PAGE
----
It was during this time that Gwyn formed the Four Knights. These were made up of Dragonslayer Ornstein, Hawkeye Gough, Lord’s Blade Ciaran, and the Legendary Knight, Artorias the Abysswallker. Gwyn also was friends with Havel the Rock, who was a general in the army. Throughout your time in Dark Souls, you will encounter all of the above in your later years. 

The Furtive Pygmy

The final being to take the Lord Soul was the Furtive Pygmy. Unlike the rest of the lords, you will not encounter the Furtive Pygmy throughout your adventure in Dark Souls. The reason is that the Furtive Pygmy is the original holder of the Dark Soul, which later gave birth to the creation of humanity. This makes the Furtive Pygmy the first human ancestor and the creator of all the humanity to come.

In the opening cutscene, you can barely make out the Furtive Pygmy, and it only appears as the silhouette of a bald human. During the Dragon War, the Furtive Pygmy created the humans who then fought alongside Gwyn. After the victory against the Dragons, Gwyn granted the Pygmy Warriors a land of their own at the edge of the world called the Ringed City. 

The goal of the Furtive Pygmy is to create the Age of Dark after the Age of Fire, and this is because they saw in visions what was to come. This decision plays into what the player chooses to do in the final moments of the game. 

The Age of Fire

The Age of Fire

After the war ended, a period of great prosperity followed, and it was during this time that Gwyn established the land of Lordran. Gwyn resided in the great city of Anor Londo and, in the meantime, split up his Lord Soul and gave it to the Four Kings, who watched over New Londo.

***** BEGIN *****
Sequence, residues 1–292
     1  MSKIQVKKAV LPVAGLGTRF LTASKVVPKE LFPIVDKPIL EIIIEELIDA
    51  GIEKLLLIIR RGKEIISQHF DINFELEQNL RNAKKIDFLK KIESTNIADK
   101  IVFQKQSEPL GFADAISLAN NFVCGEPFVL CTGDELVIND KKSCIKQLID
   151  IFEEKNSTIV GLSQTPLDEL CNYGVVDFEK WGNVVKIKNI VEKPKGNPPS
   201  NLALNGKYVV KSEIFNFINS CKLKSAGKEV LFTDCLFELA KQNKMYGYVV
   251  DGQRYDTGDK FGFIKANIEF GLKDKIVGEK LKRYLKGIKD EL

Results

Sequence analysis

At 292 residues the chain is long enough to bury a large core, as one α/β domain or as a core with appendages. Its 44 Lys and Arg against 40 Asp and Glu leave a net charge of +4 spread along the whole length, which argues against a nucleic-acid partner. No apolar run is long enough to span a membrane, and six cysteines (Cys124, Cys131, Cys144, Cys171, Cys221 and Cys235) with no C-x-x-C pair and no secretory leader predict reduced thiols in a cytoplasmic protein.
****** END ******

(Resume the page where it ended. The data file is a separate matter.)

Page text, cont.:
Gwyn had three children during his reign. The firstborn is known as the God of War, and he inherited Sunlight from his father. He wore an Ancient Ring that was capable of creating powerful miracles. He was only power-hungry and respected warriors of great strength and nothing else. He created the Great Lightning Spear Miracle that you can acquire during your playthrough and wielded the Sunlight Blade. 

Seen as the biggest failure of Gwyn’s offspring due to his allying with the Dragons, his punishment led to his deific status being stripped and left behind in the annals of history. His true name has been forgotten, and when his father died, the Sunlight Blade was left on his coffin. 

After the departure of his father, the God of War went to ally himself with the Dragons. The Dragon Slayer, Ornstein, went in search of Gwyn’s son but never returned from his journey. 

Gwynevere

The next of his kin, the Princess of Sunlight, was seen as the purity of the land and was seen as a symbol of bounty and fertility. The Princess eventually left Anor Londo and married the God of Flame, Flann. 

You will encounter Gwynever during your visit to Anor Londo, though it is actually just an illusion created by her manipulative younger brother, Gywndolin, in order to make you link the First Flame at the end of the game. 

Dark Sun Gwyndolin

dark sun

Dark Sun Gwyndolin is the opposite of his siblings, choosing to embrace the moon instead of the sun as his father did before him. Gwyndolin is the leader of the Blades of the Darkmoon covenant. He guards the tomb of Lord Gwyn in the depths of Anor Londo. 

When growing up, Gwyn raised him as a daughter due to his affiliation with the moon. He goes on to be the last remaining deity in Anor Londo, and when you arrive, you will be under the illusion that Gwynevere is controlling the land, but upon striking her, her illusion disappears as does the sun in Anor Londo, revealing the manipulation by Gwyndolin the entire time. 

Fall of the Lords

The Age of Fire started as one of great prosperity and riches, but once the fires started to die, so did the power of the Four Lords. The Witch of Izalith’s failed experiment to keep the flame lit resulted in the creation of Demons and the Chaos Flame, so Gwyn took it upon himself to give one final effort to save the Age of Fire. 

He took his army to the Kiln of The First Flame, and it was there he sacrificed himself to link with the First Flame, turning the entirety of the Kiln into ash and destroying his army in the process, transforming them into Black Knights, who you will face off against during the game.